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Military conscription to begin in April after Thingyan holidays


Regime spokesperson Zaw Min Tun said that the military’s conscription law is scheduled to be enforced by mid-April after Thingyan, the Buddhist holiday and new year. He said that the military is anticipating around 5,000 people to be recruited in each batch of new conscripts. 

Mandatory military service was declared on Feb. 10 under the People’s Military Service Law. The law was enacted in 2010 under the previous regime the State Peace and Development Council (SPDC) but had not been enforced up until now.

The law requires men aged 18 to 35 and women aged 18 to 27 to serve up to two years, while specialists like doctors aged up to 45 must serve for three years.

“It’s not just about military roles in national defense. Today, even computer hackers play a vital role in protecting their country from cyber intrusions. Business people contribute by safeguarding national interests to maximize benefits. The news media also plays a part in defending against attacks, even from other media outlets,” Zaw Min Tun told BBC Burmese.

Further official instructions regarding the recruitment process are expected to be issued. The regime will enforce the National Reserve Law, which stipulates that retired military personnel must return to serve in the army.

“This law is literally regarding the return of retired security personnels. The former members of security forces who retired within five years, counting from your retirement dates, are responsible to return to the service in the army. Among the eligible numbers [of reservists], only necessary people need to serve,” he added.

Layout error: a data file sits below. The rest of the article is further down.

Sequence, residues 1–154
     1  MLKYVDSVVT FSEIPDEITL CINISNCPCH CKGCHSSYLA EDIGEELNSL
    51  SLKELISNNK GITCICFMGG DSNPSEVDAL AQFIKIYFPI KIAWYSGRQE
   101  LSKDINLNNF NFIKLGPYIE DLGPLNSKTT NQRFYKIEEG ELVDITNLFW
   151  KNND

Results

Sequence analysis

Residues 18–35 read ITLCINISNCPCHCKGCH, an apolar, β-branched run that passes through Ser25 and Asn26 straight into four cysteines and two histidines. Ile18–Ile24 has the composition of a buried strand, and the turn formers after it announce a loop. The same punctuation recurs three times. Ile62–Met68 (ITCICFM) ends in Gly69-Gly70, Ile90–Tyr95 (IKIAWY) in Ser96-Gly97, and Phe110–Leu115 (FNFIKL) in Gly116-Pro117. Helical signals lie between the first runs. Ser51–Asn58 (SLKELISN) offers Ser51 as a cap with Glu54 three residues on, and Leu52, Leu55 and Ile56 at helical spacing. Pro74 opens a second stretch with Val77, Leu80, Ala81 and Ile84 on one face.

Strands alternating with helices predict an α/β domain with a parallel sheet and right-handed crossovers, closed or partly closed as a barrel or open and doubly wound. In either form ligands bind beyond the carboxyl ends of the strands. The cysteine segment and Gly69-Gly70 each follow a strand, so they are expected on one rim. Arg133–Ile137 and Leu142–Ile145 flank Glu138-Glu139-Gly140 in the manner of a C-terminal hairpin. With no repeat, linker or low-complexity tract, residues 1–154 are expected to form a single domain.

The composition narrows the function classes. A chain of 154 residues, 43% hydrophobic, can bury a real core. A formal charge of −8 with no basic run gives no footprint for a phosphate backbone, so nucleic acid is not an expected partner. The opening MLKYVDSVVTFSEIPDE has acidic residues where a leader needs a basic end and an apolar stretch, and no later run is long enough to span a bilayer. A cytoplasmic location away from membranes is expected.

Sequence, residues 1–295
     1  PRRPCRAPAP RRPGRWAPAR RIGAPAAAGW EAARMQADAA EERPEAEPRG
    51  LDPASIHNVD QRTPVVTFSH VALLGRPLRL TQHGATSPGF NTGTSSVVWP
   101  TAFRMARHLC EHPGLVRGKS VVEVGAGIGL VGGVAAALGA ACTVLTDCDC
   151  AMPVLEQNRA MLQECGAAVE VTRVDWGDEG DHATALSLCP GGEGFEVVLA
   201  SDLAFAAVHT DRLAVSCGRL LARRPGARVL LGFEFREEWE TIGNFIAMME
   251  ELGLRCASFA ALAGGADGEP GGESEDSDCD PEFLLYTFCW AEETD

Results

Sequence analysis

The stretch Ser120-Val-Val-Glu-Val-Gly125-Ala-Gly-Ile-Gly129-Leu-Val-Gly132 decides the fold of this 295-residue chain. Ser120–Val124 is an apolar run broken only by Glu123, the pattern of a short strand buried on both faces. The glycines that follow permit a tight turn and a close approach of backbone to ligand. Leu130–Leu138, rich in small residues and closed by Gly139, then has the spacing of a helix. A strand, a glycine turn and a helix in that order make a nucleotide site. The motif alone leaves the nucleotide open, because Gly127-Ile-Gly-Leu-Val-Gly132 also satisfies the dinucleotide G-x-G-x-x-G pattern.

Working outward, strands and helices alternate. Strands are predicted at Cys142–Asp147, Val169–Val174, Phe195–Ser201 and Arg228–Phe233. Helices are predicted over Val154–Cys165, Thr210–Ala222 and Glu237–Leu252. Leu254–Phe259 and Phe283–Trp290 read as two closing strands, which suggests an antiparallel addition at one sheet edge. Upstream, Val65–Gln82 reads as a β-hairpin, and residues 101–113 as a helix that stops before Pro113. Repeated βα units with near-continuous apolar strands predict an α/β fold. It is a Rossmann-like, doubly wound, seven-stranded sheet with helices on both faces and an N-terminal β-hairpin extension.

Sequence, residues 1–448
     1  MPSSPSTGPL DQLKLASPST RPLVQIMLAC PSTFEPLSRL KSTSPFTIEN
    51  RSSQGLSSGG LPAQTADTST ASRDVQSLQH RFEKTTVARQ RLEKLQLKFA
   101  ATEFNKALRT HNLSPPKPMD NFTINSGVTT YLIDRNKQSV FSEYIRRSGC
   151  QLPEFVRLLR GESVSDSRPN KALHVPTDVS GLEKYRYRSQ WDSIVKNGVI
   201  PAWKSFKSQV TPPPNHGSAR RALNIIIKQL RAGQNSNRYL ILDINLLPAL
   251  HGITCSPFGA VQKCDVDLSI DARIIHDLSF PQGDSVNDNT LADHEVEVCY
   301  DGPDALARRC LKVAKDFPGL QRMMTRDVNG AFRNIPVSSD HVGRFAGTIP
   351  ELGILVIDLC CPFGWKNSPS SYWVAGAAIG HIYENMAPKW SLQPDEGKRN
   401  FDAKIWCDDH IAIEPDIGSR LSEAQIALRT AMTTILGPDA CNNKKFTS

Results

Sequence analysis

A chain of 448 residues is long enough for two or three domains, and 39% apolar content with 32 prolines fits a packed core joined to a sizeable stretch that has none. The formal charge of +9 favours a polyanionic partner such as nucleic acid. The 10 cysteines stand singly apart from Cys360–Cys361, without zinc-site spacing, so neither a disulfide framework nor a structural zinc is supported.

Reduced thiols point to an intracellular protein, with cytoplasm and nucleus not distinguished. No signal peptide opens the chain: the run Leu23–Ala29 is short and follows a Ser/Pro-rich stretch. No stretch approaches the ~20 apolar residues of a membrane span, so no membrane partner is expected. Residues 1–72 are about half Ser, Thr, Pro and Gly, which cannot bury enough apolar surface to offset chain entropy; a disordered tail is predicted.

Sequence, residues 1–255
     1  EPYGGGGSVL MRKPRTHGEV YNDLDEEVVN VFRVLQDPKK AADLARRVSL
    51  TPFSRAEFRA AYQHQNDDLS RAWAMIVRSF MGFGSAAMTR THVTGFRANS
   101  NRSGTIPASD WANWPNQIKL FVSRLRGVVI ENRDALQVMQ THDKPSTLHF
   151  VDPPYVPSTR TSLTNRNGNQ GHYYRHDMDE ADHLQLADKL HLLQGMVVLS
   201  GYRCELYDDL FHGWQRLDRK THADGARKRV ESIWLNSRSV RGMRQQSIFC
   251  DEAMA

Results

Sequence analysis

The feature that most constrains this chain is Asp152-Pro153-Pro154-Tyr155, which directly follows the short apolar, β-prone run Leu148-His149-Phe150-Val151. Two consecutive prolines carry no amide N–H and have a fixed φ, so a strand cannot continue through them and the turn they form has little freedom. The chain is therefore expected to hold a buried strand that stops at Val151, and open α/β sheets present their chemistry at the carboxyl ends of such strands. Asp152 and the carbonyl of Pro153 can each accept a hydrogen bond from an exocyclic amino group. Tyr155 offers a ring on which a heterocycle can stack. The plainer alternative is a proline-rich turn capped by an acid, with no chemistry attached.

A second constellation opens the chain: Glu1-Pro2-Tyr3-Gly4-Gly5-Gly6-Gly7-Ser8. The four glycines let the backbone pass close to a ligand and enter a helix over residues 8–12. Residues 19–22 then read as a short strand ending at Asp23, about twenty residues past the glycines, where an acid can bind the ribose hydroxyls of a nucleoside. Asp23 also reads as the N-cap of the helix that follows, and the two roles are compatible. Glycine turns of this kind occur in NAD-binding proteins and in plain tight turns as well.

Resistance groups, including the National Unity Government (NUG), have condemned the military’s conscription law. The NUG called the plans for mandatory military service “illegal.”

“Not only do they lack the legal mandate to enact the conscription law, but their concerted effort to implement the law also represents ‌a clear and blatant disregard of the recommendations of the United Nations Security Council Resolution [2669] and the ASEAN Five-Point Consensus,” the NUG shared in a statement online.

Pro-military supporters held rallies in towns across Magway and Mandalay regions on Feb. 13 to express their support for the conscription law. Hundreds rallied in Magway, Mandalay, Pyin Oo Lwin, Kyaukse, and Meiktila. The attendees are believed to include members of the military-proxy Union Solidarity and Development Party (USDP), relatives of military personnel, and nationalist activists.

The regime’s plans to recruit conscripts and retired military personnel comes as the Burma Army has lost control of large swathes of the country since late October, when the Brotherhood Alliance launched an offensive in northern Shan State. The military has also suffered from heavy casualties, desertions, and defections since the military coup took place on Feb. 1, 2021.


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